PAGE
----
Oslo has a dramatic history. The first ca. 600 years of its life can today only be seen as a few ruins, after the town was moved in 1624 from the its original site since the second half of the 10th century, to its present location on the other side of the bay. Our tour therefore focuses on the period from early 17th to early 20th century history and architecture. However, a visit to the “Medieval Park” can be added to this tour, or to a tour of the Bjørvika waterfront development, which is adjacent to the medieval ruins

The reason for rebuiding the town, was to have it closer to Akershus Castle, so that it could be protected by the fortress. This was ordered by king Christian IV, who also lent his name to the new town, thus called Christiania until 1924, when its original name was restored. Our tour starts at the old market place, Christiania Torv, where some of Oslos’s oldest buildings are preserved. From here we walk to Akershus Castle, past the old Bank of Norway, where today the Museum of Architecture is located. An inside visit of the museum is possible, but this will add some time to the schedule. The bank, from 1830, was one of the first of a series of national institutions, after the breakup of the union with Denmark in 1814, when Christiania assumed the functions of a capital city. The building was restored and a new pavillion added in 2009, one of the last works of arch. Sverre Fehn, Norway’s only Pritzker Prize winning architect.

We walk around the medieval Akershus Castle, which was built ca. 1300, though much altered and extended into a large fortress in the following centuries. We then move into the so-called “Kvadratur”, the 17th century city with its regular grid of streets. Here we see the contrast between the few remaining houses from the 16- and 1700s, and the buildings that replaced them in the boom-time of the 1890s, the so-called “commercial palaces” with exclusively shopping and office functions, pushing the residential function out of the city center. We also see some transformation projects, like the former main post office from the 1920s, which now has been rebuilt into flats and commercial space.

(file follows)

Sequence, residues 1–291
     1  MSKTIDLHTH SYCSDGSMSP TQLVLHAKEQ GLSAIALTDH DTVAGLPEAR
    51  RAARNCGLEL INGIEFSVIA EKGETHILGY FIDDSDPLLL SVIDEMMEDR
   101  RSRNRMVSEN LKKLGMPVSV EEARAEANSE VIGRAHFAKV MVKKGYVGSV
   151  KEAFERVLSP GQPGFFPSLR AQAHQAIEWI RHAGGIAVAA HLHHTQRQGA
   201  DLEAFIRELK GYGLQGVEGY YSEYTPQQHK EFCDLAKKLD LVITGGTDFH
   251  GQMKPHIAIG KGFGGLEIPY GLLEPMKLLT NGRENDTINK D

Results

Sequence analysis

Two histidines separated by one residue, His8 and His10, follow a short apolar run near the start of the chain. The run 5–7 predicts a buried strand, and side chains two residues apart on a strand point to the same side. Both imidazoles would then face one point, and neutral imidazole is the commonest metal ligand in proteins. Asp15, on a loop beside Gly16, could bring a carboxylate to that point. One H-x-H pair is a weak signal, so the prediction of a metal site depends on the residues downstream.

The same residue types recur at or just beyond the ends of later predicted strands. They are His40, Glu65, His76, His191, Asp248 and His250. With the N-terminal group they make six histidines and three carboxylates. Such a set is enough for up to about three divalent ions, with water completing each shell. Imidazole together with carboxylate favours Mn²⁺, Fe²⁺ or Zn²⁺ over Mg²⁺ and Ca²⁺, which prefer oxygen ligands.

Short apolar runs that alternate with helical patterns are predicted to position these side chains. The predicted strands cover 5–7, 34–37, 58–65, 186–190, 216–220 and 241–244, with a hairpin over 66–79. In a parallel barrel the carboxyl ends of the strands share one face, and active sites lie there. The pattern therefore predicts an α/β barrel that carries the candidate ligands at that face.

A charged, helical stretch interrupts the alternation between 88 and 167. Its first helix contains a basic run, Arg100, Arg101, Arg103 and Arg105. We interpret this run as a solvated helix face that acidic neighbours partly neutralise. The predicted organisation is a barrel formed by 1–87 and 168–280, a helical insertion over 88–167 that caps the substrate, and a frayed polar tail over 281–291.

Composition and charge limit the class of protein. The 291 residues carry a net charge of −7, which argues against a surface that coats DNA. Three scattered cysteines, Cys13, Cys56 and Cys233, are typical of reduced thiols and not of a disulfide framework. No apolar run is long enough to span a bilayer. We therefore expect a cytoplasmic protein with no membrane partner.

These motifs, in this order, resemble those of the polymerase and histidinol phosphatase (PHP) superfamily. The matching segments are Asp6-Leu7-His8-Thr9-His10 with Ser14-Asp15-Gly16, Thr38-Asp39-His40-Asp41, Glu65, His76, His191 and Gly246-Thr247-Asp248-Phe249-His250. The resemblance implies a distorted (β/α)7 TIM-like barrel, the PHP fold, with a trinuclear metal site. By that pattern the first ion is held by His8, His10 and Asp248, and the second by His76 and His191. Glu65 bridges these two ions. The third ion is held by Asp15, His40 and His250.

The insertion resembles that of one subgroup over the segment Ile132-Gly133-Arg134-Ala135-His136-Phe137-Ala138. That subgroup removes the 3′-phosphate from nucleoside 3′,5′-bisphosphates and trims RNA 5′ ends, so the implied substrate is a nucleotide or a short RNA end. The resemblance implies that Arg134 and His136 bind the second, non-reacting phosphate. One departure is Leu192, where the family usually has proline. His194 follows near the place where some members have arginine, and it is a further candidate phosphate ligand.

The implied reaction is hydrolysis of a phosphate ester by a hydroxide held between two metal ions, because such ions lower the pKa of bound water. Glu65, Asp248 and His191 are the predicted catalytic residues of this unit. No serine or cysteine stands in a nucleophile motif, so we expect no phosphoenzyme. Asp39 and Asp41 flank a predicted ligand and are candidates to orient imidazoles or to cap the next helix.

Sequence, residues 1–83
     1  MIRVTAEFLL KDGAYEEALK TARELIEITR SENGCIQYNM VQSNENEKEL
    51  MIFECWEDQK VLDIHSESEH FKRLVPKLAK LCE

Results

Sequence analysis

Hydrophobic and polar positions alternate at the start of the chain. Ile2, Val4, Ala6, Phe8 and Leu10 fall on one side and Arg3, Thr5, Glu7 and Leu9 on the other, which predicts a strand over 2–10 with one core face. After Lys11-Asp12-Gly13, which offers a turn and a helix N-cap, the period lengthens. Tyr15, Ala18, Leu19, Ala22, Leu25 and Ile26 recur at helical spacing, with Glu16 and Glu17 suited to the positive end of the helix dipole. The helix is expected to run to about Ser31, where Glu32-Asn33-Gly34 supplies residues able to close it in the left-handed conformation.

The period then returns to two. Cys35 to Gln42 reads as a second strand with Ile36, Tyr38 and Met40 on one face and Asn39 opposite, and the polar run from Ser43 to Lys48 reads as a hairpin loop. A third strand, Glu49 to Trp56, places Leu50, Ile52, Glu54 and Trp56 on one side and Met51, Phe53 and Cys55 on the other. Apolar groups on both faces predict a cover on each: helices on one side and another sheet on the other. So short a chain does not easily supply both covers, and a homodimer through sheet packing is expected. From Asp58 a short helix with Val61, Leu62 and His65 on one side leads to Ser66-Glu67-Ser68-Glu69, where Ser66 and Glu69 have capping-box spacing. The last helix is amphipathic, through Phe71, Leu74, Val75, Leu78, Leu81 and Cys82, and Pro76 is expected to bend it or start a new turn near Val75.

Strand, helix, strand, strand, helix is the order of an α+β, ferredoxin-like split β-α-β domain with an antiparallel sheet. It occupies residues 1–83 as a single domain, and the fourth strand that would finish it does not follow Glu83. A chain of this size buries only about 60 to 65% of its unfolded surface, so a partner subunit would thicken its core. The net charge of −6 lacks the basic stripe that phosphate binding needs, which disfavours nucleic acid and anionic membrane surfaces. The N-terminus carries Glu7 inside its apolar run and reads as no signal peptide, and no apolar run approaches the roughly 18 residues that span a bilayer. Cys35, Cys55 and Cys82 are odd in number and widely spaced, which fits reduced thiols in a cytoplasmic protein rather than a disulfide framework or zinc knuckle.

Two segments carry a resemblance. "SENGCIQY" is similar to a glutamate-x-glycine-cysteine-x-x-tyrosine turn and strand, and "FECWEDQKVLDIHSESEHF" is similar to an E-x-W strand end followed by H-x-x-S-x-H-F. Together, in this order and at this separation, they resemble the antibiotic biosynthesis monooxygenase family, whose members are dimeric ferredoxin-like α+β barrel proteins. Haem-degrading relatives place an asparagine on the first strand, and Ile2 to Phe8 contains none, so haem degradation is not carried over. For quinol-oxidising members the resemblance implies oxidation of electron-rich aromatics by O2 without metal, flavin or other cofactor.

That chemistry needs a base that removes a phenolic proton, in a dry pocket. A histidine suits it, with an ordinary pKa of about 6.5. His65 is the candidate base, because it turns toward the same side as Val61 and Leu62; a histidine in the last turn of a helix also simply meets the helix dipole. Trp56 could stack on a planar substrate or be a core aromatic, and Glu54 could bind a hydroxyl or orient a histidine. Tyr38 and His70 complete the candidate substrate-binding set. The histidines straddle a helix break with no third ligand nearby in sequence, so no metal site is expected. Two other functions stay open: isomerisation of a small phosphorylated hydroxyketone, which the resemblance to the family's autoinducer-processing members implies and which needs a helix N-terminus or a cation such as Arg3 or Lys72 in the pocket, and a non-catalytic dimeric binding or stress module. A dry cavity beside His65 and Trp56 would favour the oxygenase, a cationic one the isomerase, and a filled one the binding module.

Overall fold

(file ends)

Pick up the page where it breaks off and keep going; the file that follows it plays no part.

Oslo’s main street, Karl Johan gate, is at the northern end of the original city layout. Along this 1,5 km long street, from the old East Railway Station to the Royal Palace in the west, several national institutions are located. We see the Cathedral of Oslo (1697) and surrounding market halls from the 1850s. This is a nice place for a coffebreak.

Further up the street we pass the Horngården, Oslo’s first “high-rise” building from 1930, by arch. Lars Backer, who was a pioneer of the Modern Movement in Norway. Here we have the famous view down the western part of Karl Johan, toward the Royal Palace. We see the Parliament building (arch. Emil Victor Langlet 1866), and the central urban park Eidsvolls Plass. The old university (arch. Chr. Grosch 1854) and the Royal Palace (arch. H. D. F. Linstow 1849) complete the walk along Olso’s main street. The last project of the tour is Oslo City Hall (arch. Arneberg & Poulsson 1930-50), a “modern classic” which also resulted in a rebuilding of the whole city center in this area, opening up the town towards the waterfront. Inside visit in office hours (the city hall may be closed to visitors for special events).


Duration:      Ca. 4-4,5 hours, incl. coffee break, but not lunch
Transport:      Walking
Services:      Experienced local architect as guide, meet and greet at pick up point
Languages:      Scandinavian, English, German
Group size:      Max. 30 pax
Price:   Please contact us for a quote
Not included:   Consumption at café, entry fees (optional)


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